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Why did rock music suddenly disappear from Top 40 radio?

If you went to high school in the '80s, then you know that rock music was everywhere on the radio and MTV. It was without a doubt the most popular genre of music at the time. Foreigner, Journey, Def Leppard, Van Halen, Guns 'n Roses, Bon Jovi, Pat Benatar, Heart were played constantly on Top 40 radio. Then in the late '80s, it disappeared completely and hasn't returned since.

Does anyone know what happened? Why hasn't it ever come back?

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by Anonymousreply 17601/12/2021

Grunge.

by Anonymousreply 106/25/2017

The same reason rag time, big band, bee-bop, Motown, disco etc. will never come back: it's done.

by Anonymousreply 206/25/2017

Do they still play "adult contemporary?" LOL. That was big on my Top 40 station in the '90s.

Does "adult contemporary" even exist as a genre?

by Anonymousreply 306/25/2017

^ Yes. I hear it on the radio at my bank. In the Bay Area, the station is KOIT.

by Anonymousreply 406/25/2017

Because all the rock music that could have been invented, had been invented.

by Anonymousreply 506/25/2017

Why did disco suddenly disappear?

by Anonymousreply 606/25/2017

Because rock tapped into the young male ID. Angst, horniness, aggression,sexuality,partying and misogyny are all themes that propelled a lot of 80s rock.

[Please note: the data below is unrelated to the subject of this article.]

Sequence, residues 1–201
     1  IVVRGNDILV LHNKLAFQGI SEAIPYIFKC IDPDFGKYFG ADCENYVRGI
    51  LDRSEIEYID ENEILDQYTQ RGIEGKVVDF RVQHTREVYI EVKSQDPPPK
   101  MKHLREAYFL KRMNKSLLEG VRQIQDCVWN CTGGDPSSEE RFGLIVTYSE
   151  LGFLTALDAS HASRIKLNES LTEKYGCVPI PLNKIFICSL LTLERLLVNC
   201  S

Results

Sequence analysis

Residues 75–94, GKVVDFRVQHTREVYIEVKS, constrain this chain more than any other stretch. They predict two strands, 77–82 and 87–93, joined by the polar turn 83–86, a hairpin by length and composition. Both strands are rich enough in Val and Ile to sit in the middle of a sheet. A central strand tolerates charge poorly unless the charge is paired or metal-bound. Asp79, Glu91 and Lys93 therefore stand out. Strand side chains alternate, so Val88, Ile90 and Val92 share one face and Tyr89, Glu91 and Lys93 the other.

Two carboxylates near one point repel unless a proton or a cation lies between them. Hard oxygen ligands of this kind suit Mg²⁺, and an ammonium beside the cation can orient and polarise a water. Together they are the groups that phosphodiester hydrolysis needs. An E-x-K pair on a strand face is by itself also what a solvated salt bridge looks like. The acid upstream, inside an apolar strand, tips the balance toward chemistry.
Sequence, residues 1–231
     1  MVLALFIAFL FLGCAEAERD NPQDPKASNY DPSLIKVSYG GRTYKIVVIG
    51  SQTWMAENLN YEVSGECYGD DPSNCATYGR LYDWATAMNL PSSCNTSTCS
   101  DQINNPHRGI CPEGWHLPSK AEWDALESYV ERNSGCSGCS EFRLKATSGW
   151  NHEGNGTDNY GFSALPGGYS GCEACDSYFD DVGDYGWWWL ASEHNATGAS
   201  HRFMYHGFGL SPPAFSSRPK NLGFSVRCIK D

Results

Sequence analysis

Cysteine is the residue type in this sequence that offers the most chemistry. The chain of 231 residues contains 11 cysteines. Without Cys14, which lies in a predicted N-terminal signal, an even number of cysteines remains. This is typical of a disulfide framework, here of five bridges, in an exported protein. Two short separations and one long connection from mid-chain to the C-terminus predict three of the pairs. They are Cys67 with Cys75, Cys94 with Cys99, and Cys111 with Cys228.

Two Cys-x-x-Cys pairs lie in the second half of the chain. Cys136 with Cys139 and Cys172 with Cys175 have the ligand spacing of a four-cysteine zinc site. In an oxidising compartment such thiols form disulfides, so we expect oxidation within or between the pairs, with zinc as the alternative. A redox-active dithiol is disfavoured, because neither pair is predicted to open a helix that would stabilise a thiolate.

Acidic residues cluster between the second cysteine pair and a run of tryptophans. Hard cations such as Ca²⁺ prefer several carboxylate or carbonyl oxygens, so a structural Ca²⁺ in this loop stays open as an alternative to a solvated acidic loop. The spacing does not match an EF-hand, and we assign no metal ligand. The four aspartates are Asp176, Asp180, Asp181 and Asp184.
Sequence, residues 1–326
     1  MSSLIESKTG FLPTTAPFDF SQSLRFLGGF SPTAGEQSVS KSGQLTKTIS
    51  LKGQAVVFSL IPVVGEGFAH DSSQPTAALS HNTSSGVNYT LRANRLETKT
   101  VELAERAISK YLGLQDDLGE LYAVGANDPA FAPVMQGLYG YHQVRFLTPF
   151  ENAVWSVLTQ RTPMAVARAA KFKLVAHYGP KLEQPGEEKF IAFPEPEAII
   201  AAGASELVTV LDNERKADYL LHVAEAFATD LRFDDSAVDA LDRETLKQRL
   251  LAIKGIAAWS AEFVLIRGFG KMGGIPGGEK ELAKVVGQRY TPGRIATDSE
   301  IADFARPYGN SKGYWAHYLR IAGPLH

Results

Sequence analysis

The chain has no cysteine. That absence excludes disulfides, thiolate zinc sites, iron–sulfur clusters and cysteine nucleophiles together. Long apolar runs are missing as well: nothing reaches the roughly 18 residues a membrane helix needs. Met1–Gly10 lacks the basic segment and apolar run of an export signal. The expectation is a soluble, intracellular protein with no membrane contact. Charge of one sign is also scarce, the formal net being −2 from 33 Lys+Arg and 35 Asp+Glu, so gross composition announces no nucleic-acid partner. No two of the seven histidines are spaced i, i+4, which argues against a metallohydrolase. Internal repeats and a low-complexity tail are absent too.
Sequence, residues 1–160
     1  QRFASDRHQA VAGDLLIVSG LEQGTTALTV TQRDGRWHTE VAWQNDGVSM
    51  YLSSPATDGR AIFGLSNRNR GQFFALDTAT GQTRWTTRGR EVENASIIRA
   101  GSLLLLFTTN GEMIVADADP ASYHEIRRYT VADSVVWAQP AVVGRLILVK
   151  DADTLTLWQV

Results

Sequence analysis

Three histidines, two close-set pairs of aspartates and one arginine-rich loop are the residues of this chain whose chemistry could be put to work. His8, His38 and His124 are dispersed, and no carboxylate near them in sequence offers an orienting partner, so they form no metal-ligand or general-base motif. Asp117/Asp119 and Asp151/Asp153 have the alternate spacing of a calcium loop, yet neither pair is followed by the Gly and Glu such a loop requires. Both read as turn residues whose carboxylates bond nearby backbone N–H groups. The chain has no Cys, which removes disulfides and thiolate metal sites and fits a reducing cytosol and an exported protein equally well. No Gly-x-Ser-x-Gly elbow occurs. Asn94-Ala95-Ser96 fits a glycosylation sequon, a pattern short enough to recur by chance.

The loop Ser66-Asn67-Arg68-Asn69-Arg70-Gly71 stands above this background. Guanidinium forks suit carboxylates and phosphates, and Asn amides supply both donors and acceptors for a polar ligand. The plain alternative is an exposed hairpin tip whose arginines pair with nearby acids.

After the nihilism of grunge it was rap and urban that addressed many of the primal urges earlier rock music evoked(with a healthy dose of corporate materialism thrown in) and rock was no longer considered "cool".

by Anonymousreply 706/25/2017

As a person who grew up in the 70's and was in my twenties in the 80's I miss this music and it's now played on the golden oldies station. I remember watching MTV premiering while sitting in my friend christine's basement smoking weed. Keggers in someone's field with this music playing. Good times.

I don't like R&B or most current stuff, though I do like some stuff like the Butthole Surfers and the Toadies but I think they are gone now too.

by Anonymousreply 806/25/2017

Corporate radio's CIA overlords got bored with finding a way for racist whites to listen to black music without actually listening to black musicians. Now they wanted to find a new way to harm black people. Thus, gangsta rap was born. They fomented the feud between Biggie and Tupac.

by Anonymousreply 906/25/2017

My city just premiered an '80s oldies station. Hard to believe that '80s music is now considered oldies material.

by Anonymousreply 1006/25/2017

Not as bad as my local "oldies" station now playing some '90s music.....

by Anonymousreply 1106/25/2017

Rap crap took over

by Anonymousreply 1206/25/2017

Tastes in music changed. On a side note Pop R & B is mostly Hip Hop produced & oriented. There are now available ldies Rap stations & oldies R&B (Luthersl V, Anita Baker) even Maxwell is considered old school

by Anonymousreply 1306/25/2017

I miss rock and grunge music, todays music sucks!

by Anonymousreply 1406/26/2017

The internet enabled people to find different sub genres of music and the monolithic rock category splintered beyond the point of making it profitable to promote big hype bands that could sell multi platinum albums with enough hits to carry radio stations and sell ads.

Also, rock musics biggest demographic - mainstream white people, are now more into corny EDM shit like Chainsmokers or non offensive teen targeted singers like Megan Trainor and Ed Sheeran

by Anonymousreply 1506/26/2017

Tastes change. Ukuleles now outsell guitars.

by Anonymousreply 1606/26/2017

Honestly I don't even know the difference between hip hop, rap and, to a lesser extent, r & b. I wish I did.

by Anonymousreply 1706/26/2017

U2 is still doing great, but you're right. They're not on the radio much.